Searching over 5,500,000 cases.


searching
Buy This Entire Record For $7.95

Download the entire decision to receive the complete text, official citation,
docket number, dissents and concurrences, and footnotes for this case.

Learn more about what you receive with purchase of this case.

Showalter v. Binion

Supreme Court of Appeals of West Virginia

December 20, 2019

Nathaniel Showalter, Petitioner Below, Petitioner
v.
J.T. Binion, Superintendent, Huttonsville Correctional Center, Respondent Below, Respondent

          Mercer County 17-C-428

          MEMORANDUM DECISION

         Petitioner Nathaniel Showalter, pro se, appeals the January 26, 2018, order of the Circuit Court of Mercer County denying his petition for a writ of habeas corpus. Respondent J.T. Binion, Superintendent, Huttonsville Correctional Center, [1] by counsel Zachary Aaron Viglianco, filed a response in support of the circuit court's order.

         The Court has considered the parties' briefs and the record on appeal. The facts and legal arguments are adequately presented, and the decisional process would not be significantly aided by oral argument. Upon consideration of the standard of review, the briefs, and the record presented, the Court finds no substantial question of law and no prejudicial error. For these reasons, a memorandum decision affirming the circuit court's order is appropriate under Rule 21 of the Rules of Appellate Procedure.

         On June 23, 2014, a robbery occurred at the First Community Bank in Bluefield, West Virginia. Detective K.L. Adams of the Bluefield Police Department interviewed petitioner. During the interview, petitioner confessed to the bank robbery. On February 10, 2015, petitioner was indicted for first-degree robbery.

         Subsequently, petitioner filed a motion to suppress the confession he gave during the interview with Detective Adams. On June 11, 2015, the circuit court held a hearing on the motion. Detective Adams testified that he read petitioner's rights to him pursuant to Miranda v. Arizona, 384 U.S. 436 (1966); that petitioner signed a Miranda rights waiver form prior to giving his statement; and that he advised petitioner that petitioner did not have to speak to him. Detective Adams further testified that petitioner's confession corroborated facts of the robbery, including his description of the pellet gun used during the commission of the offense, the black clothing worn, and the direction in which the robber fled following the crime. While petitioner also testified at the suppression hearing, the circuit court found petitioner's testimony "incredible." The circuit court denied the motion to suppress, finding that petitioner's confession "was voluntary and not the product of duress or coercion by law enforcement."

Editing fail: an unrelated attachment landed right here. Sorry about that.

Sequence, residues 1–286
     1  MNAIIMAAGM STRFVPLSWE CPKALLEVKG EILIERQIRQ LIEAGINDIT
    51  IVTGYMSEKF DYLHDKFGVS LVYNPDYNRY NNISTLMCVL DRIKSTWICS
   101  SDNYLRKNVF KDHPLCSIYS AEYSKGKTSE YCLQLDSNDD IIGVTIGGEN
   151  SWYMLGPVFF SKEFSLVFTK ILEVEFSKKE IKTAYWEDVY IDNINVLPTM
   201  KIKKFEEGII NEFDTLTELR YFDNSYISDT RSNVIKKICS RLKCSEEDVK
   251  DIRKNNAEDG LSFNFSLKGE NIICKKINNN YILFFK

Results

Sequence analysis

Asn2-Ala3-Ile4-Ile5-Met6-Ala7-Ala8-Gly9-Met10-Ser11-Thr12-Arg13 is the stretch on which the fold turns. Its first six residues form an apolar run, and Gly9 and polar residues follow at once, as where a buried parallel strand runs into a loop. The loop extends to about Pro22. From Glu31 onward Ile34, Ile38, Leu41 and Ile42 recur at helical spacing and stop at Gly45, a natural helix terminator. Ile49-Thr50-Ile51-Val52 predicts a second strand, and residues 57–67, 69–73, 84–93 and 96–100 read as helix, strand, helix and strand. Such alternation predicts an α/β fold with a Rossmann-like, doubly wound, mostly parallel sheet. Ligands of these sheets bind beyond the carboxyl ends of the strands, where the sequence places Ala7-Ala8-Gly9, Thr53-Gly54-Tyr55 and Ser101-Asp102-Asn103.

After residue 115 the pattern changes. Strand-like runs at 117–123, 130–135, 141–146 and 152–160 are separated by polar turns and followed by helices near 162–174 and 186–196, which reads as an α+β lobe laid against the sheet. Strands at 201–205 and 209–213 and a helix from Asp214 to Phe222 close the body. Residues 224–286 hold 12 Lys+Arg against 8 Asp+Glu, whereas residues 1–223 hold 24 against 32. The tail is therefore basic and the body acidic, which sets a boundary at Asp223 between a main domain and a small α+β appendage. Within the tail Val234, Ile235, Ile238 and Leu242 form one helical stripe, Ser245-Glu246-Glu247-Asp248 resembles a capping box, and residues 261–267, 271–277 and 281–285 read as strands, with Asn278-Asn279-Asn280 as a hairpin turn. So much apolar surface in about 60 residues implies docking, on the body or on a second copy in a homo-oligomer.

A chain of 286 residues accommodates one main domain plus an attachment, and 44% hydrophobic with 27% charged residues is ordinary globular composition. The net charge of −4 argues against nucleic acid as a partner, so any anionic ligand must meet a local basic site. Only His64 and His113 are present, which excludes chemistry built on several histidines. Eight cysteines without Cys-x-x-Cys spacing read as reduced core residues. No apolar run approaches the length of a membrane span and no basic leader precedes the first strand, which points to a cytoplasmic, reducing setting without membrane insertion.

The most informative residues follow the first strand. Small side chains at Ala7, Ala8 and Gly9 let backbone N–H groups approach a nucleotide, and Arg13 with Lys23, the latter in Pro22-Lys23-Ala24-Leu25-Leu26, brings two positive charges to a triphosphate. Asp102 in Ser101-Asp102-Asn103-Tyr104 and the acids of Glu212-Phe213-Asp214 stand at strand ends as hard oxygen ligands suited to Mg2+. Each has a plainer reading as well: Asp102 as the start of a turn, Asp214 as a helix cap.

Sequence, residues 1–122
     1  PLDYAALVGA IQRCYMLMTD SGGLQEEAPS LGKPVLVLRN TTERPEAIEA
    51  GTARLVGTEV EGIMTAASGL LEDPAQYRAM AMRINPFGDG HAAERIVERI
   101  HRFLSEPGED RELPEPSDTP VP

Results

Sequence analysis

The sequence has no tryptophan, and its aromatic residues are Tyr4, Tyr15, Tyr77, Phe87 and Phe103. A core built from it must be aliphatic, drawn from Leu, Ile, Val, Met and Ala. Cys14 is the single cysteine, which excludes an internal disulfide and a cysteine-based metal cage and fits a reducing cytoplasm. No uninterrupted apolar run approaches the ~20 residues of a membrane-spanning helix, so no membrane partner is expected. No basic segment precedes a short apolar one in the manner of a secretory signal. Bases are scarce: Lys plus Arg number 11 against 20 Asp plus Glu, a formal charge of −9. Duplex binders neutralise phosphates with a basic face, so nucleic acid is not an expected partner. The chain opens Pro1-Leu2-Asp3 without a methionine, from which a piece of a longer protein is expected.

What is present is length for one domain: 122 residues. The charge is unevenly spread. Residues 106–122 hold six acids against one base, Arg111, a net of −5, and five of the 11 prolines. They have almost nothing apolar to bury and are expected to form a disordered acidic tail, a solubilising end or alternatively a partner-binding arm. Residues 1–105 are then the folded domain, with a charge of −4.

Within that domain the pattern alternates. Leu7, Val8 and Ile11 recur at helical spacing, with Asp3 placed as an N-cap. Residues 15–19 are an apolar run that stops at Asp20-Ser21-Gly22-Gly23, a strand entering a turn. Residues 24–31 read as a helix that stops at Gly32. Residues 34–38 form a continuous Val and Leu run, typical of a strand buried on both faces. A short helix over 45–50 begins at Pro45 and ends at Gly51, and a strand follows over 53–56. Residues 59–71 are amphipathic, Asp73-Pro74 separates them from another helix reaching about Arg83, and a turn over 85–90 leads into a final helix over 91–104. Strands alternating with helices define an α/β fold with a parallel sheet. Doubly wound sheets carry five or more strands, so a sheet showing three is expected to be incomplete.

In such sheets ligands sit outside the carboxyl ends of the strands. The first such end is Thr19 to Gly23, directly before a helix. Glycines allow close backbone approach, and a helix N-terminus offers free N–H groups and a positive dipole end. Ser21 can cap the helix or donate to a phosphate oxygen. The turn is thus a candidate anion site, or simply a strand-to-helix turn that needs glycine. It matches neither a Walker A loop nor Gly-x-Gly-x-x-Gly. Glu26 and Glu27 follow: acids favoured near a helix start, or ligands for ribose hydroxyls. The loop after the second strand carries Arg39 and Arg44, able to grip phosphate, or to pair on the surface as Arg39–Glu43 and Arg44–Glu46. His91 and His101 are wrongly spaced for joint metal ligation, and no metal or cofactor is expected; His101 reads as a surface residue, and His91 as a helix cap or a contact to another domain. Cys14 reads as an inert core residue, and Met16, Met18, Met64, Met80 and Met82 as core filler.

Petitioner's trial commenced on October 27, 2015. After the close of all evidence, the circuit court instructed the jury on second-degree robbery and bank robbery as lesser-included offenses of first-degree robbery. Specifically, the court's charge stated:

The offense charged in the indictment in this case is first-degree robbery. One of four verdicts may be returned by you under this indictment. They are: guilty of first-degree robbery; guilty of second-degree robbery; guilty of bank robbery; or not guilty.
. . . .
Before [petitioner] can be convicted of first-degree robbery, the State of West Virginia must overcome the presumption that [petitioner] is innocent and prove to the satisfaction of the jury beyond a reasonable doubt that [petitioner], in Mercer County, West Virginia, on or about June 23, 2014, did feloniously take, from the presence of employees of First Community Bank, against their will, U.S. currency belonging to First Community Bank and in the custody and control of the bank's employees by the threat of presenting a firearm, putting the employees in fear by the threat of the presented firearm with the intent to permanently deprive First Community Bank thereof.
If after impartially considering, weighing, and comparing all the evidence, both that of the State and that of [petitioner], the jury and each member of the jury is convinced beyond a reasonable doubt of the truth of the charge as to each of these elements of first-degree robbery, you may find [petitioner] guilty of first-degree robbery as charged.
If the jury and each member of the jury has a reasonable doubt of the truth of the charge as to any one or more of these elements of first-degree robbery, you shall find [petitioner] not guilty of first-degree robbery and deliberate on the lesser included offense of second-degree robbery as hereinafter instructed.
. . . .
[The circuit court then instructed the jury as to the elements necessary to convict petitioner of second-degree robbery.]
If after impartially considering, weighing, and comparing all the evidence, both that of the State and that of [petitioner], the jury and each member of the jury is convinced beyond a reasonable doubt of the truth of the charge as to each of these elements of second-degree robbery, ...

Buy This Entire Record For $7.95

Download the entire decision to receive the complete text, official citation,
docket number, dissents and concurrences, and footnotes for this case.

Learn more about what you receive with purchase of this case.